Did you know that for an average retiree, walking extends life expectancy considerably? And, it's not about the number of steps taken — it's about the movement.
Research shows that retiree walking speed says as much about life expectancy as body mass index (BMI), chronic disease, blood pressure and prior hospitalization combined?
Someone who walks more than 7,000 steps a day can expect to live more than five years longer than someone who walks less than 5,000 steps. According to Munich Re, "steps per day is a significant predictor of mortality and ranks as the second most important predictor after age."⁶ It is more important than gender, BMI, smoking, alcohol and a host of other variables.
But it is not about the steps. It is about movement! We look at steps because they can now be easily tracked through wearables or smartphones, but we should be focused on movement. About 7,000 steps is equivalent to being on your feet for about an hour depending on your exact pace and circumstance.
That may sound like a lot but consider that walking is also doing stuff around the house. If you are sweeping the garage for 15 minutes, then do grocery shopping for half an hour and water the plants for 15 minutes when you get home, you have likely accomplished the same⁷. We need to think more about movement as an integral part of our daily activities and less as an additional chore.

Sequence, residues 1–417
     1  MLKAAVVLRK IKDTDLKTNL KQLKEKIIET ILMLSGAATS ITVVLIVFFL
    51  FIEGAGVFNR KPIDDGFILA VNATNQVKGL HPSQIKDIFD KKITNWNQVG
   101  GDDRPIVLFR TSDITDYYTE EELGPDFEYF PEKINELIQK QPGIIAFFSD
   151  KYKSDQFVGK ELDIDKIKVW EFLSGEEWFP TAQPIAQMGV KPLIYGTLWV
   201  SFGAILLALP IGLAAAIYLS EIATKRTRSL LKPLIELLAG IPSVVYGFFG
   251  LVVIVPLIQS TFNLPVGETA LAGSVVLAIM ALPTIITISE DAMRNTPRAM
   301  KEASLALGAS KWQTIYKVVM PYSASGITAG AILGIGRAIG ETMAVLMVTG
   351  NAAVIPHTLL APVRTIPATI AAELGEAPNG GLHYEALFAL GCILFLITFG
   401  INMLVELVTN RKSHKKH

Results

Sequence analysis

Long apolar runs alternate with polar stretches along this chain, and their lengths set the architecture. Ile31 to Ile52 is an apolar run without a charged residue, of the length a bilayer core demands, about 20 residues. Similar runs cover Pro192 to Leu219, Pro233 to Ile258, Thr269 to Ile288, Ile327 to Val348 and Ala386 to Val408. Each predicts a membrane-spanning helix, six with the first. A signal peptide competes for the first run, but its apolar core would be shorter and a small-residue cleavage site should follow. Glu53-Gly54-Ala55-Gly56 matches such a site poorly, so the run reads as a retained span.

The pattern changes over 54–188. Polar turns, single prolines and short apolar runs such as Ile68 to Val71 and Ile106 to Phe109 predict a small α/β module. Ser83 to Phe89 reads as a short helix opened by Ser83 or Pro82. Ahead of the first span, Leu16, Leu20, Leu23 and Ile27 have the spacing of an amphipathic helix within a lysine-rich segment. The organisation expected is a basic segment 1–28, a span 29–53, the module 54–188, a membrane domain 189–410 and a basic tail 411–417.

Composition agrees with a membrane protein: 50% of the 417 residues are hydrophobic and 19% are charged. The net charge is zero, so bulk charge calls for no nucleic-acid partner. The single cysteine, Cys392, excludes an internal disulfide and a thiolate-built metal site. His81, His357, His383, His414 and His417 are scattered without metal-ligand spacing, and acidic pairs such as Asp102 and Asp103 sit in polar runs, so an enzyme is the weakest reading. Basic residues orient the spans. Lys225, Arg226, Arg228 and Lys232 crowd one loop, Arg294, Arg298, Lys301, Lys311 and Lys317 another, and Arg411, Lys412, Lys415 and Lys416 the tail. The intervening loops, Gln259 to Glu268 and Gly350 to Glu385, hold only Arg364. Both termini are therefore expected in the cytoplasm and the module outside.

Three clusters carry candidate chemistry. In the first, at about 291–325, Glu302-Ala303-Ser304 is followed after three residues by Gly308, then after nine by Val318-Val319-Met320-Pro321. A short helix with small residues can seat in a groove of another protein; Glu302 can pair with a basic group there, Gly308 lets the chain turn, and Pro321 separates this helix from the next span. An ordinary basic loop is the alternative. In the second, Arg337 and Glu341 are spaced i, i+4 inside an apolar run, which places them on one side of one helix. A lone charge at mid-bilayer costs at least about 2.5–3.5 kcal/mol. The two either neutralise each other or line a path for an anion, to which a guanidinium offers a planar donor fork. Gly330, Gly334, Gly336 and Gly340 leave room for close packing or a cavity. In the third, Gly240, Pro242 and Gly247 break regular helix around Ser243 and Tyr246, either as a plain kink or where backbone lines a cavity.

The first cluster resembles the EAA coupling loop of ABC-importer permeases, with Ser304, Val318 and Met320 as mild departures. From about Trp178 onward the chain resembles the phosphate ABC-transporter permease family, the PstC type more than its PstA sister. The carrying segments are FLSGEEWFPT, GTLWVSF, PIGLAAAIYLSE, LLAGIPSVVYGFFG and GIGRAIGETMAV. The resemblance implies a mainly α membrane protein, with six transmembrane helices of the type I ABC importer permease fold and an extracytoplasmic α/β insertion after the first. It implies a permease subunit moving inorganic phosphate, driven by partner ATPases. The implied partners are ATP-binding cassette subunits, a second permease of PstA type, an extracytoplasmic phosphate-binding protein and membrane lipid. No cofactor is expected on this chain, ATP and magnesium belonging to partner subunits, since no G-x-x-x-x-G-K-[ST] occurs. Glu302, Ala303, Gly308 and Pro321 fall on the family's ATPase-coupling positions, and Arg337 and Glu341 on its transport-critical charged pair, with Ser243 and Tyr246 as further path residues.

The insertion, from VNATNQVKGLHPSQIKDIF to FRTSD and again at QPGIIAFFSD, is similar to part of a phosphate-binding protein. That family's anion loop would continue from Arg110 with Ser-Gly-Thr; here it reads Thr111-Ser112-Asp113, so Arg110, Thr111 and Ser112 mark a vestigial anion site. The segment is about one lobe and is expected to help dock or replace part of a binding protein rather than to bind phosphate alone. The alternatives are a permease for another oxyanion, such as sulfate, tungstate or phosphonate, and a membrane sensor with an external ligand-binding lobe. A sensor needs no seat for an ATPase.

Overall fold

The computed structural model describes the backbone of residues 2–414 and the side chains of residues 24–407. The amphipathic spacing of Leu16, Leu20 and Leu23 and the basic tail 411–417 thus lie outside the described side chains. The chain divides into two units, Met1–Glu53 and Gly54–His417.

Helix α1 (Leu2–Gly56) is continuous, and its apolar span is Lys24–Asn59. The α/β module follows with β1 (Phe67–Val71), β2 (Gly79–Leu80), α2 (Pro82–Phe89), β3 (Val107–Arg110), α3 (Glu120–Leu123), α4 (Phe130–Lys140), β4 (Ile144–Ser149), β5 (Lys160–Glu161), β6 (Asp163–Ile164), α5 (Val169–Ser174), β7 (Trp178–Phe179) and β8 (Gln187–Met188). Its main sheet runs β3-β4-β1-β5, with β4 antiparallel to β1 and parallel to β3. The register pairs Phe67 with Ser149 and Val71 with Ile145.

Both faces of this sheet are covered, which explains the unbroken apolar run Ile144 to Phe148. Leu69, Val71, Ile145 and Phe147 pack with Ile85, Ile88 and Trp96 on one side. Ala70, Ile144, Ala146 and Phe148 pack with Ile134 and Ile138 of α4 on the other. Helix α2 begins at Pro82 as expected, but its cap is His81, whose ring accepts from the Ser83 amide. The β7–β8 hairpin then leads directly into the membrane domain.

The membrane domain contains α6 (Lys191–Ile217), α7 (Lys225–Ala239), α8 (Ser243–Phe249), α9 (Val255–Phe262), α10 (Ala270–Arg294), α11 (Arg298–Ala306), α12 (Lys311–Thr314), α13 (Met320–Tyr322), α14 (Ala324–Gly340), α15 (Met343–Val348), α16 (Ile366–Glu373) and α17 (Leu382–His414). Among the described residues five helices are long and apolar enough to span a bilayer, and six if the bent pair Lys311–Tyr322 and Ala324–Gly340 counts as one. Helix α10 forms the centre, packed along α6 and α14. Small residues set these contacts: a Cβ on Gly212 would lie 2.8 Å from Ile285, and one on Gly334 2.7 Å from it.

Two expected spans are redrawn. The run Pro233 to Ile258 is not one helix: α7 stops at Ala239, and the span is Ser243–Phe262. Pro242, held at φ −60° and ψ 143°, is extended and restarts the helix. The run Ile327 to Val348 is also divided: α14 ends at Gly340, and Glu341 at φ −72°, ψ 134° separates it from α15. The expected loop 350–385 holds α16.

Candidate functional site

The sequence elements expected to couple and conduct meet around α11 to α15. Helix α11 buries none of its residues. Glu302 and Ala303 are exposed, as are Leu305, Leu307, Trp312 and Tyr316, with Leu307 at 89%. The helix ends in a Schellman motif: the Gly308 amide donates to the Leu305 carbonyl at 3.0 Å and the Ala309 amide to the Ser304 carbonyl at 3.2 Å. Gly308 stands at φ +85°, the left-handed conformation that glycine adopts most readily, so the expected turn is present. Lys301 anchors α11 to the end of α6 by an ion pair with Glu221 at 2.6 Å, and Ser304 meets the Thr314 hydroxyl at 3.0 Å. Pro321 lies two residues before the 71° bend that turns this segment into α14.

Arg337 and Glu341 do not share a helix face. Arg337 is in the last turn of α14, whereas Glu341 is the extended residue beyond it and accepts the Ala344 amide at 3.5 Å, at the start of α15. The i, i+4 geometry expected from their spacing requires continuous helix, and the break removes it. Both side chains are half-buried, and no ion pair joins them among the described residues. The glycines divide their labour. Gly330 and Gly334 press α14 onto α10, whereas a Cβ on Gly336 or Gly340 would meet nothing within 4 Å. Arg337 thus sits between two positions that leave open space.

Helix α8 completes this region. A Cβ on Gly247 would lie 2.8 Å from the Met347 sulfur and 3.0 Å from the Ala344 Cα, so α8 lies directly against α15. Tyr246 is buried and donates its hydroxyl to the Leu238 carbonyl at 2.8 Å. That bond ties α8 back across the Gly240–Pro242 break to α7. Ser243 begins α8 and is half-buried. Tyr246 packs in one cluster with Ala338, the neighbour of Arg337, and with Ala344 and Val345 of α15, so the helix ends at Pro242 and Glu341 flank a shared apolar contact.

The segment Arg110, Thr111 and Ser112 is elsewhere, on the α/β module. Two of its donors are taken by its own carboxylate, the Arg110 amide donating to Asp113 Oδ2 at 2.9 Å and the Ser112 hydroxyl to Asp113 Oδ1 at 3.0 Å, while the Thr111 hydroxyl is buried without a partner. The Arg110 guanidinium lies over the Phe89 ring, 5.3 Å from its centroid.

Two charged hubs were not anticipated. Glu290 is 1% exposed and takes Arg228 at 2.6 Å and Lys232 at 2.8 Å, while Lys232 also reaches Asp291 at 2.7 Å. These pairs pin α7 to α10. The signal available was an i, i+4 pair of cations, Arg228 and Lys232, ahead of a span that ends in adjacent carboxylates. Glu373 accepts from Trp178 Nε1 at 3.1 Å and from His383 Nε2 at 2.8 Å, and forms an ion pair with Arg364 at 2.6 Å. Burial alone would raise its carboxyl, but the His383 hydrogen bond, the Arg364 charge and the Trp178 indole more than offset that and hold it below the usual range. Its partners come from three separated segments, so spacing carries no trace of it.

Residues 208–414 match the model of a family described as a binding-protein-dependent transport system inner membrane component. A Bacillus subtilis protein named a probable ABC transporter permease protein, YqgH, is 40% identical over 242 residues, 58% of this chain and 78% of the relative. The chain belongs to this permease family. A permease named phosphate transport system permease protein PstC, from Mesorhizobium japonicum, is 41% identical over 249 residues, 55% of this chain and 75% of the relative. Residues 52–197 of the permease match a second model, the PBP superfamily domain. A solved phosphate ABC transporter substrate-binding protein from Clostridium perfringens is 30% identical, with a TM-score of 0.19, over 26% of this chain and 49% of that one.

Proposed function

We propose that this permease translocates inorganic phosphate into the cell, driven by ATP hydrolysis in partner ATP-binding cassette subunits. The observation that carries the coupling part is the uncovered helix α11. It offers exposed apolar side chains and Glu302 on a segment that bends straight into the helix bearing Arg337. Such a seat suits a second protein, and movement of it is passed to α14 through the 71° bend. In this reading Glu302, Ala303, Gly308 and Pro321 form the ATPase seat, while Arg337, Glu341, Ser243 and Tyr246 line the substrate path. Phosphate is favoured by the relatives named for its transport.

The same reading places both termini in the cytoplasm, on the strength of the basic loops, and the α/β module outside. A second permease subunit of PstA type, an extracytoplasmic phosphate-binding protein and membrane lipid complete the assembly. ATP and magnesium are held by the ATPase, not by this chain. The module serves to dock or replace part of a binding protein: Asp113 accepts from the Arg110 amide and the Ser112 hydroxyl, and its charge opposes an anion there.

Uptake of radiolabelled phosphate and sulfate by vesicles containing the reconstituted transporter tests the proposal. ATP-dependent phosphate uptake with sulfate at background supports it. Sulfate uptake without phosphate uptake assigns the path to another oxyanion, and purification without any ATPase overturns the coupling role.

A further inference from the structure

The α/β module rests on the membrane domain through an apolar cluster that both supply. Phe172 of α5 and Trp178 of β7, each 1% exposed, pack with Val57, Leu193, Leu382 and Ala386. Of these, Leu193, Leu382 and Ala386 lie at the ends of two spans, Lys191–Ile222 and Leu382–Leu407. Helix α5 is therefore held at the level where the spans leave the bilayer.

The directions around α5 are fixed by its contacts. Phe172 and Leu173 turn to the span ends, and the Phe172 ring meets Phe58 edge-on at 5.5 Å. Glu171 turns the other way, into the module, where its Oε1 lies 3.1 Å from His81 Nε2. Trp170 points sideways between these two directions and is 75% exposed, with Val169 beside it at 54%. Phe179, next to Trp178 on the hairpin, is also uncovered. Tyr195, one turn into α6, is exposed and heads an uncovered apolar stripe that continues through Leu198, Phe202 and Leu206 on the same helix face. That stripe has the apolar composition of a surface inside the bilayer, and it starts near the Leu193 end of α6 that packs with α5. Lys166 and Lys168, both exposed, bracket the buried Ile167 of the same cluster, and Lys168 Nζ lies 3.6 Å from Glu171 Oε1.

Even standing at your desk rather than sitting increases metabolic activity by about 30 percent. You will need to stand a long time to get the equivalent of 7,000 steps–about eight hours to be precise, but the point is that it all helps.
As technology evolves, the devices that we surround ourselves with can detect what physical activities people undertake and how often. This is a remarkable opportunity to encourage people to move more and realize the benefits. Imagine a scenario in which you are offered a reward or incentive by your employer, healthcare practitioner, insurance or other service provider because you vacuumed your house for half an hour!
With the power of health information and biometrics, these examples will become more commonplace and gradually make their way into new products and services.
This is one of the case studies on health and longevity published in the Aegon Retirement Readiness Survey 2019.